In my book PGA stands for Perfect Golf Accessories. Eccentric oversize white sunglasses, a heavy coat of lipstick, and a visored cotton hat block the sun and add an essential element of glamour. But in golf, as in a woman’s real life, shoes and bags are the big statements. If you are 18, 22, or 25 years old, wearing sneakerlike Nike or Adidas golf shoes is perfectly appropriate. After a certain age, however, adults should stick to stiffly supportive leather shoes. I am the lucky owner of Ralph Lauren’s benchmade tan-and-white saddle shoes with a fringed leather kiltie on top. Sadly enough these are no longer produced. The perfect solution, if you can swallow the investment, is John Lobb’s bespoke golf shoes for men and women, which can last up to 15 years (the cost is about $6,000 and the lead time is eight to 12 months, with three to four fittings in New York). Otherwise, Burberry has a very solid pink-and-white style that looks great, though it might strike some as more fashion than function. A good national chain like Golfsmith (golfsmith.com) stocks pairs such as the side-buckle Ecco ($140) along with custom-order saddle shoes. As for gloves and socks, they cannot be too colorful and, yes, the pom-pom on the back is essential; it is deliciously retro and the oldest and most effective way to prevent socks from slipping off your heel and into your shoes, avoiding the resulting blisters.

The golf bag is your pièce de résistance. It must be easy to find in the club’s storeroom, somehow represent your personality, and not be mistaken for another golfer’s. Many seasoned players keep one set at their principal club and another at home, ready for travel. In the latter case I’d advise buying the practical, if indistinctive, black nylon golf case, available at every pro shop in the country.

To me, the ne plus ultra of golf bags is the Louis Vuitton canvas monogram ($8,250). I dream about one day having my initials emblazoned on its side in Vuitton’s signature golden-yellow paint. Since my dream LV bag isn’t yet an option, I’m using a trim Calloway that came with my beginner clubs and holding out for my mother-in-law’s stunning turquoise leather bag from the early seventies—it’s rumored that she’ll soon be sending it my way. This is one case where rummaging through your great-auntie’s attic might just turn up something great. Missoni picked up on golf’s vintage potential: This season the Italian house put its sixties-inspired signature print on a golf bag trimmed in pink leather.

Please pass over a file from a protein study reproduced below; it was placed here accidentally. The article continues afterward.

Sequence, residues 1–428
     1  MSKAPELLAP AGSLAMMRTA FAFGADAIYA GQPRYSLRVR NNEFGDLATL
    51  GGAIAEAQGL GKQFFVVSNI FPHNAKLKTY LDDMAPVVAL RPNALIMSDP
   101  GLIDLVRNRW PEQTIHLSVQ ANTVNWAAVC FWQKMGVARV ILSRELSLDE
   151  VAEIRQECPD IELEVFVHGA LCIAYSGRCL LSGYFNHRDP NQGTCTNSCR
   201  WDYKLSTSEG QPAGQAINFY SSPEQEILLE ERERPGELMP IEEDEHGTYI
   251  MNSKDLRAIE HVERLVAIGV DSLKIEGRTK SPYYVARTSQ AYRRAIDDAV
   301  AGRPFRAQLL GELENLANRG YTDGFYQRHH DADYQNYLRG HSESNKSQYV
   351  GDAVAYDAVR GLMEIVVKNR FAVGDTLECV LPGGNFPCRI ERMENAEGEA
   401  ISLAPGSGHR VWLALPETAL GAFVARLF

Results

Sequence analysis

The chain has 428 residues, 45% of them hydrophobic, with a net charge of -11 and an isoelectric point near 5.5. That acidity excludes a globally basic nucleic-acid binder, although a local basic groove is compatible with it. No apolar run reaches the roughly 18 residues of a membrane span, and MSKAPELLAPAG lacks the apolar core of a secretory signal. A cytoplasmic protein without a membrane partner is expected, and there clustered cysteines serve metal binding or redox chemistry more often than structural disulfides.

The trickiest thing about this sport is that getting the right look isn’t a matter of having the most money, time, best taste, or greatest access. It’s about acquiring the right pieces over years of playing. Anyone who has ever taken a golf lesson understands how beguilingly difficult it can be to perfect a swing. Looking right on the course is equally, and surprisingly, complicated—no insta-swing, no insta-look.

When all else fails throw on a cable-knit cashmere crewneck—it is golf’s equivalent to the little black dress. Our 2006 club champion, a mother of six who looks and moves like a teenager, wore one in oatmeal cashmere during her entire 36 holes of final play. Come to think of it, maybe that’s her secret.